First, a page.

I have an urgent translation. I realize quality might be lower than normal, but I still want to be sure that you will do a good job. Will you?
That is a valid question.
First, you must realize that urgent equals suboptimal, and quality is no exclusion. So be prepared for lower quality.
Second, even though quality is more difficult to ensure in urgent projects, we do our best to apply the same level of effort as with regular projects. That means that we work more hours in a business day, rather than taking hours away from editing or automatic quality assurance tasks, unless the project is too urgent to allow that.
If your deadline is so tight that something will have to give, quality will inevitably take a hit, and we will make that clear upfront.
I want to pay after receiving the translation. Can I do that?
Even though your fears of late delivery or non-delivery are understandable, we cannot afford the risk of having to collect the money afterwards, because urgent projects are already challenging and stressful enough. We can agree to payment after delivery, only if you are a long-term customer. With new clients, we normally ask for 100% upfront payment for urgent projects. It is not uncommon for a rush job to be cancelled as quickly as it was placed, and clients who cancel projects may be reluctant to pay for the work already done, let alone cancellation fees. Since we do not want to chase you after a canceled job, we prefer receiving payment upfront. Depending on the circumstances, we might reduce the upfront payment amount to 50%.
Do you charge a cancellation fee for rush projects?
Normally, no. In rare cases when we are unsure about your rush project, we might suggest such a fee, though. If we choose to do so, we will definitely let you know, so that this does not come as a surprise to you afterwards.
I thought translators could translate 2,000 or 3,000 words per day. Why are you asking for a rush fee to translate 6,000 words in two days?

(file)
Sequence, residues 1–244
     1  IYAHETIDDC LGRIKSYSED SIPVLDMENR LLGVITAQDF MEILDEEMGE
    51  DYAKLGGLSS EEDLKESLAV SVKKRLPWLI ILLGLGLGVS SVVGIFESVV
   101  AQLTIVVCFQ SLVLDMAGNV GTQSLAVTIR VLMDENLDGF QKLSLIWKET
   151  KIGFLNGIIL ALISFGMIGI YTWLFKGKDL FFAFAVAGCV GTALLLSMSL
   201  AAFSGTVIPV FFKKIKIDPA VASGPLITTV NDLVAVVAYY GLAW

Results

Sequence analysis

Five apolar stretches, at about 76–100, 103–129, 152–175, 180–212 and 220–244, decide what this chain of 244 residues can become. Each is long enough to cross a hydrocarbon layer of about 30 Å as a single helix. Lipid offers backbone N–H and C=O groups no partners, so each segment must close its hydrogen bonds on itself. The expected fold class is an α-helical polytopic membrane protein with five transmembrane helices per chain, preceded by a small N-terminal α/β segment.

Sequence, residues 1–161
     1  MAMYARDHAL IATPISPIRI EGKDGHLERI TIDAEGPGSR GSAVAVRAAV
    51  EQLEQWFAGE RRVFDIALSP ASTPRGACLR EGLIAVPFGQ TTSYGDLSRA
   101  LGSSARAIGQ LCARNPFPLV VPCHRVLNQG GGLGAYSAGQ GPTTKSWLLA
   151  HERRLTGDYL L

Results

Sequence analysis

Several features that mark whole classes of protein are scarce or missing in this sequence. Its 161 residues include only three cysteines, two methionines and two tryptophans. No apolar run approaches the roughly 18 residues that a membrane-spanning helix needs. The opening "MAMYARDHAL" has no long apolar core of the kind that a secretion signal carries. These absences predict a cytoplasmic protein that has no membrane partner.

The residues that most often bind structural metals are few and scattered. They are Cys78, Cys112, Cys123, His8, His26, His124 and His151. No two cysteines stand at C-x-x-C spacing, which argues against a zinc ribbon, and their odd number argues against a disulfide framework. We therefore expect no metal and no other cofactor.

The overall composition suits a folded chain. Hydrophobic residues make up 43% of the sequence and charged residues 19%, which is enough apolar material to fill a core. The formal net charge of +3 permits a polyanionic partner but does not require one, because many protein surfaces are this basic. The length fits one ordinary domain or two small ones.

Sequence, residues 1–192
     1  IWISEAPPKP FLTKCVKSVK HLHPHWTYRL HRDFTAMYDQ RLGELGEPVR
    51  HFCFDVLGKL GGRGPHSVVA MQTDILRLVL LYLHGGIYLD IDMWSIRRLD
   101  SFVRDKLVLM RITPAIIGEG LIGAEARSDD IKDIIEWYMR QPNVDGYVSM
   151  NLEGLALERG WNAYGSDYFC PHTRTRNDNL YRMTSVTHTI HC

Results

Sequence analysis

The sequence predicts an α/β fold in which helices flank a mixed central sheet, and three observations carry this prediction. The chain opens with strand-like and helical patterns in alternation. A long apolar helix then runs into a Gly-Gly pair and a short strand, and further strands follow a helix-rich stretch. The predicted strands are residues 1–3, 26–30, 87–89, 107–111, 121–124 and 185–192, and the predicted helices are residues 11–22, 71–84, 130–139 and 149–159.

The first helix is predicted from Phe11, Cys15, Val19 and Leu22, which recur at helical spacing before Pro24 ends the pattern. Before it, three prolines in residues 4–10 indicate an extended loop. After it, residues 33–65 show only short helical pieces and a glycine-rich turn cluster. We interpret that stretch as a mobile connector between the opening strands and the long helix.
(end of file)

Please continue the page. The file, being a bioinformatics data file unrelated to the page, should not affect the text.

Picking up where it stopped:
There are several reasons. First, even though a translator can indeed translate this amount of words in two days, translation is not the only task a regular translation project involves. Preparing a project, assembling a translation team, and other project management tasks also take time, sometimes even as much as translation itself.
Second, if you want normal quality, you need to buy a translation that is edited by another linguist. Suppose a translator is indeed able to translate your 6,000 words in two days. But then an editor will also need time, at least one day, to edit the translation and confirm the edits with the translator. Whenever editing is involved, the rule of thumb is to divide the standard translator productivity at least by 1.5. In this example, you get 3,000/1.5 = 2,000 words per day.
Third, and perhaps the most important, our translators, editors, and project managers might be too busy at the moment to start working on your project right away. This means that to take on your project and still be able to honor other commitments, we will need to work more hours in a day than normal and be compensated for this at an “overtime” rate. If this is the case, we will also quote another deadline—our preferred deadline—without a rush fee.
What rush fee should I expect?
The surcharge depends on the circumstances, mainly the deadline. But an average surcharge is 50%.
You can also learn more about urgent translation projects in the article “What Constitutes an Urgent Translation Project?“.